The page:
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 The Theatreguide.London Review

Liolā
Lyttelton Theatre  Summer-Autumn  2013

Showing great imagination, Sir Richard Eyre has envisioned Luigi Pirandello's Liolā as Synge with sunshine, complete with Brechtian songs, several Commedia characters and a Restoration plot.

Though it lasts little more than 90 minutes, his production is very satisfying, saying much about human nature that is as true today as it was close to 100 years ago when Pirandello wrote his comedy of Sicilian life.

The starting point is the stuff that plays are made on. Simone Palumbo, played with suitable misanthropy by James Hayes, is a 65-year-old curmudgeon whose sole desire is to beget a son.

Unhappily, his wife Mita (Lisa Dwyer Hogg), who must be four decades the old man's junior has so far failed to do the necessary in five years of miserable marriage, keeping the whole village murmuring at every opportunity.

Just up the road lives Rory Keenan as songster Liolā, a real Jack-the-lad with three sons by different forgotten mothers, all looked after by his own. Indeed, if his reputation as the ultimate Lothario is anything to go by, the odds are that there are several more elsewhere but not quite so visible.

After the almond harvest, another neighbour, Jessica Regan playing Tuzza, begins to feel a swelling belly and, with the support of her conniving mother, Aisling O'Sullivan's rather mannered Croce, agrees with the old man to donate her putative offspring, in return for his fortune for future generations.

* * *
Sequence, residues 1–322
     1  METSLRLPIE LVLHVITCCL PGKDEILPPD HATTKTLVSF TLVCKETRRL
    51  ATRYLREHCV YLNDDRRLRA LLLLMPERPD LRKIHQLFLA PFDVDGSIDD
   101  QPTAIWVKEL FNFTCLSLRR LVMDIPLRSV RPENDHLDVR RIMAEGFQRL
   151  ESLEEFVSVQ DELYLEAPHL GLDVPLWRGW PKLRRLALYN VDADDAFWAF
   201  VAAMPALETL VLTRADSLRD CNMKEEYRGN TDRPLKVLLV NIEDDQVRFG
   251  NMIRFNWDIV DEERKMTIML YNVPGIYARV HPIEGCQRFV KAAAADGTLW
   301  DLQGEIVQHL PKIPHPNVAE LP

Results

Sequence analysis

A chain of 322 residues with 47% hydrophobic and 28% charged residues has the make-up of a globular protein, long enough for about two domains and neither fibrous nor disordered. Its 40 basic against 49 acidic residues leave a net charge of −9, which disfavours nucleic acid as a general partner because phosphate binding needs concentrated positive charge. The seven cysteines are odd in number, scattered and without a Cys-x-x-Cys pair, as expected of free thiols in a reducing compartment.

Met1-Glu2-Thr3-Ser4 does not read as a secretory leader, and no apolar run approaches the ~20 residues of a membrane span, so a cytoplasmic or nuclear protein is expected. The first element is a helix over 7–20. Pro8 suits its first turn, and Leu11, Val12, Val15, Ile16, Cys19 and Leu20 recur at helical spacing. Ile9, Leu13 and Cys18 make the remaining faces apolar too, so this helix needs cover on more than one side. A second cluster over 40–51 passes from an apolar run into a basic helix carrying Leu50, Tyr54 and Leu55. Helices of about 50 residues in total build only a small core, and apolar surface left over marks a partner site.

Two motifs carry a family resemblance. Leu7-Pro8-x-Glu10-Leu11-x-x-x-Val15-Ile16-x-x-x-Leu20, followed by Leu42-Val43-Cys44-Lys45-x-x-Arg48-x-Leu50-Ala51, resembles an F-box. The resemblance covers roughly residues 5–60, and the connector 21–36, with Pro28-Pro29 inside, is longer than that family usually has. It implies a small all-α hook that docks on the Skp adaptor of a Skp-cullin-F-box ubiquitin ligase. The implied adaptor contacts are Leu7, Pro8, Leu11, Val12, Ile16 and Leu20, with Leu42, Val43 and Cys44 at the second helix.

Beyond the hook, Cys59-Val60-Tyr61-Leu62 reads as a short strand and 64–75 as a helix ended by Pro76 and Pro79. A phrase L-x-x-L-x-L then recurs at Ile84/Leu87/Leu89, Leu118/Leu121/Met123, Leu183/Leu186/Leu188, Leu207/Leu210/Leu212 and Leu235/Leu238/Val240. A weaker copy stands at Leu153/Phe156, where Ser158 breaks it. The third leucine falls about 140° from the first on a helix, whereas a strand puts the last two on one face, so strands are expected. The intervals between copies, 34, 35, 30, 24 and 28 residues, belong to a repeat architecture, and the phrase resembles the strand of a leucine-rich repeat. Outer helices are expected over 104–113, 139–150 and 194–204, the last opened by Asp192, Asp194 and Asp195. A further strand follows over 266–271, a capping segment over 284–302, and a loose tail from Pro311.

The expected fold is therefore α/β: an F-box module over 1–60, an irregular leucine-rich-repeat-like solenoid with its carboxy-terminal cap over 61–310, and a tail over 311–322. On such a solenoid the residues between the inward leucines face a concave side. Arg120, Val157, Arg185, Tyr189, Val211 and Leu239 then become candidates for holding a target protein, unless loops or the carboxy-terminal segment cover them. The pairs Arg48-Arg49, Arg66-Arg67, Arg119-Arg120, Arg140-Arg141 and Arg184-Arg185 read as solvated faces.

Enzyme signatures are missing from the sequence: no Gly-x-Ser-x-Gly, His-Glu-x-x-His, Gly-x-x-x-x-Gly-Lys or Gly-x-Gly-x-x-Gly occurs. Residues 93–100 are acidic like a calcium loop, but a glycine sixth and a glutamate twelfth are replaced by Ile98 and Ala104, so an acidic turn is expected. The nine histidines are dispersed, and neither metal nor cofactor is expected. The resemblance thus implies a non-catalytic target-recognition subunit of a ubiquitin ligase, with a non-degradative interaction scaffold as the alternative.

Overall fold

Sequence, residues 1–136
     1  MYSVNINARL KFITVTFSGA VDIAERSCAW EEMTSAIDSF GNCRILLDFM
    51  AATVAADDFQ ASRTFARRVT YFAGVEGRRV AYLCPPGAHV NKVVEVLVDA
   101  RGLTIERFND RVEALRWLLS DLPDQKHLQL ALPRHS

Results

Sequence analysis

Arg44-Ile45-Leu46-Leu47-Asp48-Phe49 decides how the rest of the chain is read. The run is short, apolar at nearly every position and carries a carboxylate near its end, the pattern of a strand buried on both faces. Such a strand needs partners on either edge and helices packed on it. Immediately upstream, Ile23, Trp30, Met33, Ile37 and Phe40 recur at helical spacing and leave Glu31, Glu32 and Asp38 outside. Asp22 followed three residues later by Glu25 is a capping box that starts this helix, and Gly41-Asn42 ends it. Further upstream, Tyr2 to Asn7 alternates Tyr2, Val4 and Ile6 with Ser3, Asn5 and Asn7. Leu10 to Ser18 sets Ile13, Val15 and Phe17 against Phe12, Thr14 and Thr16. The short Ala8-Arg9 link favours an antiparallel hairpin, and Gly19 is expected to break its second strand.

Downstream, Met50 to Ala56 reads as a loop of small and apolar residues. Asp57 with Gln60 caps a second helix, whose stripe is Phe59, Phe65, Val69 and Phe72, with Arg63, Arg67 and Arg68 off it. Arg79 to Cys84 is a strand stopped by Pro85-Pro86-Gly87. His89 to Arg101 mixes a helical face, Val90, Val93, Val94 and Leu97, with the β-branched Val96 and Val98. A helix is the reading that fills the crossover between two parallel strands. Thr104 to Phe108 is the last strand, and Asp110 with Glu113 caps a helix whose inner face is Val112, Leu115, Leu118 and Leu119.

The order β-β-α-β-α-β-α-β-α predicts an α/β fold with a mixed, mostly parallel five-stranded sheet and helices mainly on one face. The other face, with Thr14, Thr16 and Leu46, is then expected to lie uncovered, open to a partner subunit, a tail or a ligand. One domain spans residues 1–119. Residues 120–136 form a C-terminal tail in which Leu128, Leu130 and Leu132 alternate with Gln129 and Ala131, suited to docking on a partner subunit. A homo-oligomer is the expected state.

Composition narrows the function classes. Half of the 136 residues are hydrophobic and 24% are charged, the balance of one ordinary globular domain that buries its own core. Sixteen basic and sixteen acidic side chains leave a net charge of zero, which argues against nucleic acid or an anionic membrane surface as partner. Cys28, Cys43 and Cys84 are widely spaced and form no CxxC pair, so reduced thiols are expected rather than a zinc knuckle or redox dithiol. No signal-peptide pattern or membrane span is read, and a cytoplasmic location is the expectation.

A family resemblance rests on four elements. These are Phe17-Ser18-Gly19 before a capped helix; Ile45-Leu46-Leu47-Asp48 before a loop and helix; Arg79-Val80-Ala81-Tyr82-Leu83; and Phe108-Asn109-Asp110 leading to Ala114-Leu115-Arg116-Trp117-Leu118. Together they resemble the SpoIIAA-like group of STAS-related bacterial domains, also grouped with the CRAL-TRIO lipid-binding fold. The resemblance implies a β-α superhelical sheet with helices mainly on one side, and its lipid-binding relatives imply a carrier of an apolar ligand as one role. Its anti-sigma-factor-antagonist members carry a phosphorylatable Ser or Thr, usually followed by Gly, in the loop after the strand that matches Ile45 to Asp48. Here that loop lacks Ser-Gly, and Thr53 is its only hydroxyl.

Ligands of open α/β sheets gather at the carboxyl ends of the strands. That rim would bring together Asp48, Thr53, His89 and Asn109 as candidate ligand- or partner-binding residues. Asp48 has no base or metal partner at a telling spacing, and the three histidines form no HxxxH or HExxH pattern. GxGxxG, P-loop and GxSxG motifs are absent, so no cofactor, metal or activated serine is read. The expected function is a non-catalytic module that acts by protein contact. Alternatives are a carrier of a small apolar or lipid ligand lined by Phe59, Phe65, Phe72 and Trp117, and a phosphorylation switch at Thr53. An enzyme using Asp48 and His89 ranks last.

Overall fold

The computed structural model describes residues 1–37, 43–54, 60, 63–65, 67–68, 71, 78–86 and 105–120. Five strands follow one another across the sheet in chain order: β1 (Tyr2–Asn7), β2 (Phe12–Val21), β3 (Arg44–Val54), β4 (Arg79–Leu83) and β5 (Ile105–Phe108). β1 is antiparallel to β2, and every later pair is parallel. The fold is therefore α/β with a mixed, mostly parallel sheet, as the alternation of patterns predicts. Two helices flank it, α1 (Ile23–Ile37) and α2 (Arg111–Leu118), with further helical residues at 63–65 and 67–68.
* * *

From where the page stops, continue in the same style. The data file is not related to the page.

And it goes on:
Inevitably, this causes dissension in the Palumbo household and the prospect of years of misery for pretty, quite possibly faultless Mita.

The solution to this sad state of affairs will seem inevitable to many from quite early in the proceedings but nevertheless brings much laughter and a warm feeling in the heart when it is eventually played out.

This new version by Tanya Ronder is held together by Eileen Walsh as mischievous Cārmina, the town gossip but also our surrogate narrator, who sings a mean song herself (composed in Kurt Weill style by Orlando Gough), when the need arises. Help comes too from a comic trio of worldly wise teenagers, Nela, Ciuzza and Luzza (respectively Carla Langley, Niamh McGowan and Roxanna Nic Liam).

The large cast play in an open town square complete with gnarled climbing tree and enough light to replicate a Sicilian summer.

This latest production in the Travelex Ģ12 programme is great fun and well worth such a small outlay to see an excellent Irish cast transported to a Mediterranean island for a story that could almost have been their own.

Philip Fisher

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Review -  Liola - National Theatre 2013 

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